Laughed Some, Seen Worse
The consensus is already getting around: Snakes on a Plane is sorta kinda tolerably entertaining. As in sometimes hilarious, amusingly cheesy here and there, never out-of-this-world brilliant, fitfully amusing…a guiltless B movie all the way.
Rachel Blanchard in David Ellis’s Snakes on a Plane (New Line, 8.18)
Make that a B-minus. Watching cheeseball thrillers can make you feel like you’ve got a virus of some kind, and this one definitely put something in my blood. But it has maybe seven or eight good laughs (okay, nine or ten), and a good ending with Keenan Thompson (the cool fat-ass in the orange shirt) delivering some funny lines. And I loved it when Gerard Plunkett, playing a snarly-ass middle-aged businessman…I’d rather not spoil. But Plunkett does two things that are quite funny.
It’s significant that Snakes didn’t irritate me all that much. It’s also significant, however, that watching it felt so uneventful that I couldn’t make myself write a review last night after I got home around midnight. It’s hard to get it up when all you have to say is “I wasn’t in pain.”
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I was shaking my head at times at the some of the over-acting and tepid dialogue. The first 15 or 20 minutes (i.e., set-up sections shot on one of the Hawaiian islands) is on the level of, say, a Charlie’s Angels episode from the early ’80s, and that’s pretty damn awful. Byron Lawson’s performance as Eddie Kim, the criminal who arranges for a big crate of poisonous snakes to be unleased on a Honolulu-to LAX jet, is the worst element by far.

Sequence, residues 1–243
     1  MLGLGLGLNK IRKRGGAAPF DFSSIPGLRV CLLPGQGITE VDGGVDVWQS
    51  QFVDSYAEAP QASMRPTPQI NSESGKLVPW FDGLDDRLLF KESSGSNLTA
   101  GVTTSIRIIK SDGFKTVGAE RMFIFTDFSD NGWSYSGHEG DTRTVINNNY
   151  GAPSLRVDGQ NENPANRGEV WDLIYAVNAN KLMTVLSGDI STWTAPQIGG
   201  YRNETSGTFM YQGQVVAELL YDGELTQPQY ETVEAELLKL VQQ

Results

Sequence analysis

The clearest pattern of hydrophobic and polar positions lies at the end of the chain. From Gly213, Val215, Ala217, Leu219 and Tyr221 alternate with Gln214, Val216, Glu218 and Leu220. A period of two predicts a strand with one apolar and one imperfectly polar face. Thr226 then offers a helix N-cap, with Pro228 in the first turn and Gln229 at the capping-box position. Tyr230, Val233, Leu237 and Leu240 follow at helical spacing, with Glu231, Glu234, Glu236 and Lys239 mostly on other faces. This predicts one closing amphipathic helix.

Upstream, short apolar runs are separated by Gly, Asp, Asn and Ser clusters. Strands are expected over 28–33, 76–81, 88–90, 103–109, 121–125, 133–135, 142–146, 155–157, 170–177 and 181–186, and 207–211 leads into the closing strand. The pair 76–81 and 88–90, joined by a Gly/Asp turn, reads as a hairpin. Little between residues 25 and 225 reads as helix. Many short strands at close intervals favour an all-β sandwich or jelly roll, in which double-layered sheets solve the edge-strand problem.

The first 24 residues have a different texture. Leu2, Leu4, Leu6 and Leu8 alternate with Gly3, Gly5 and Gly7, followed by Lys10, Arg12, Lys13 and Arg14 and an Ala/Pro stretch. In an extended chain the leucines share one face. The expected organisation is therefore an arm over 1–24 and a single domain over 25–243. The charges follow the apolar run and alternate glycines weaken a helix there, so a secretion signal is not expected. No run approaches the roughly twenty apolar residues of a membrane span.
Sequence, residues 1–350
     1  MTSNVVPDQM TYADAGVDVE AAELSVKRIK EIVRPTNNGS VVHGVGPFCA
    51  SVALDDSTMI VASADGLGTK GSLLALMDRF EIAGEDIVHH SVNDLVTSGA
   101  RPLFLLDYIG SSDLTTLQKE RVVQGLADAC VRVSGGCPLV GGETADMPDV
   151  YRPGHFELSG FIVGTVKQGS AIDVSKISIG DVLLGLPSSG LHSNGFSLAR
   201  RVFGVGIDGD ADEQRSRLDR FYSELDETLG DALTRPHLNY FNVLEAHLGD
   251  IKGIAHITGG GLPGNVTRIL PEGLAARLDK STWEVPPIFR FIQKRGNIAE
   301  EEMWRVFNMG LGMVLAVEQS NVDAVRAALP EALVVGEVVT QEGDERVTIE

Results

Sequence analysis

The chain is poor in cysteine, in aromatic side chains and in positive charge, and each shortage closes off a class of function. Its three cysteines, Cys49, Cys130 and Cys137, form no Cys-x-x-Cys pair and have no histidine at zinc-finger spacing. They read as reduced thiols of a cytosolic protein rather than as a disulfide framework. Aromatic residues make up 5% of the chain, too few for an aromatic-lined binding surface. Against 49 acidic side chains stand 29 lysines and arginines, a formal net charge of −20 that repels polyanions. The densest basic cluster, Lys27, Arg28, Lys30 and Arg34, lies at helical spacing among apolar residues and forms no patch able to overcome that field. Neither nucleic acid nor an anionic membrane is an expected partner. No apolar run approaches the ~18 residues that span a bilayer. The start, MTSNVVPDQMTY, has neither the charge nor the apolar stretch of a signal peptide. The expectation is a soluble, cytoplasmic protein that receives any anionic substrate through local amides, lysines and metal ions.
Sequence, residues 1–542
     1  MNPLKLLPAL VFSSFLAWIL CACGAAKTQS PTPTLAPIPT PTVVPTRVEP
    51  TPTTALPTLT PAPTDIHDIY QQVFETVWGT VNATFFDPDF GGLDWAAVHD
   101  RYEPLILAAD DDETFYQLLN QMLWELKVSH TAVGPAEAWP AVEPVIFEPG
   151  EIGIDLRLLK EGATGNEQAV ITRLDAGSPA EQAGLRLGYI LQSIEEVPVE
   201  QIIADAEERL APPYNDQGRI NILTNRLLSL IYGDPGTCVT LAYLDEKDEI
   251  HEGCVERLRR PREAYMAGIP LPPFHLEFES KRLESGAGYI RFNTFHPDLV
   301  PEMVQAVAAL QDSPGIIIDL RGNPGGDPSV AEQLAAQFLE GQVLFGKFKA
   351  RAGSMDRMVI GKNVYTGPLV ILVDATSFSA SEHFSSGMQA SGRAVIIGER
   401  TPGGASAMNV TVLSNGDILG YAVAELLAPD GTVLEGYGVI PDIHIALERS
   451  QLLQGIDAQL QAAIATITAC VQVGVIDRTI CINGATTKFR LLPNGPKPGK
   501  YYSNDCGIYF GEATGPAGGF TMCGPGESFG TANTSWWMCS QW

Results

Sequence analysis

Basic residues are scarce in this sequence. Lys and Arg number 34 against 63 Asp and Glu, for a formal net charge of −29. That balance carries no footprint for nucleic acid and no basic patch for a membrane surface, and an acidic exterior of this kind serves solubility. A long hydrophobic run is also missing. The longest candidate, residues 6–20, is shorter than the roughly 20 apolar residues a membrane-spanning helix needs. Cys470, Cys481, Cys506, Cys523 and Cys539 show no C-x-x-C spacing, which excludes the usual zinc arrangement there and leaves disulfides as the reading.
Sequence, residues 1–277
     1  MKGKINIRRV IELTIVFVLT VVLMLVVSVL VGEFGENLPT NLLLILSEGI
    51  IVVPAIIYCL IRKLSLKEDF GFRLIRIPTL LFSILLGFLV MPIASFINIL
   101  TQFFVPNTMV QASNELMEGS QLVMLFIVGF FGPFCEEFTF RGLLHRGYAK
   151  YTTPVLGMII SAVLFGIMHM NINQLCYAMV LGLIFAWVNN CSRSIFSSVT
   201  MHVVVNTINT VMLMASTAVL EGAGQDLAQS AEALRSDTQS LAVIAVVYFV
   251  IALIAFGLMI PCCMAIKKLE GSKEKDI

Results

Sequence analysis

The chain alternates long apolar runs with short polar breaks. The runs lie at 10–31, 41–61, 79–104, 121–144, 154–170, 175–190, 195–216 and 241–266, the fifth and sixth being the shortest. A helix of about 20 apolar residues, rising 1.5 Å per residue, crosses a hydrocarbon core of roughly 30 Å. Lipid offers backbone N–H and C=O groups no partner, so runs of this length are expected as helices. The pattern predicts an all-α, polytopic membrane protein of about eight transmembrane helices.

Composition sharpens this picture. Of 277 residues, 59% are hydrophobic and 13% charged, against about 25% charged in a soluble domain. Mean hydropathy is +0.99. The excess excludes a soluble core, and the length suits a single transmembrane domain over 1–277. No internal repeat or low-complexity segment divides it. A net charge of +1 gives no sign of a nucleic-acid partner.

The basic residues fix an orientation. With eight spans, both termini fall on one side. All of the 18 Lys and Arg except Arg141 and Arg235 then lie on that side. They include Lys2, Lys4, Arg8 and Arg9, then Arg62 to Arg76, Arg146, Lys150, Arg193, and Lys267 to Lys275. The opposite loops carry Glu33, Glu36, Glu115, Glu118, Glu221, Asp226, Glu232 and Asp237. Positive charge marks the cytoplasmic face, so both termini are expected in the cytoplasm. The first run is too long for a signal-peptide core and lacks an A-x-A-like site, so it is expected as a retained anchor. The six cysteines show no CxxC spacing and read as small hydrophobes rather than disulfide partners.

The damn thing is overlit for the first 25 to 30 minutes, in the manner of big-studio movies of the mid to late ’60s. Director David Ellis knows, I’m sure, that when planes take off the really bright lights in the cabin (i.e, the ones that are turned on when a plane lands) are never used, and also that most of us know that. But he flood-lights the hell out of these scenes anyway, and this just takes you right out of it.
Samuel L. Jackson, Flex Alexander
But Snakes never turns bad-bad. It’s lazy, goofy and often sloppy. Ellis isn’t a terribly clever action director — not in my book. But he’s not incompetent and the film isn’t horribly crafted. It’s just not very hip.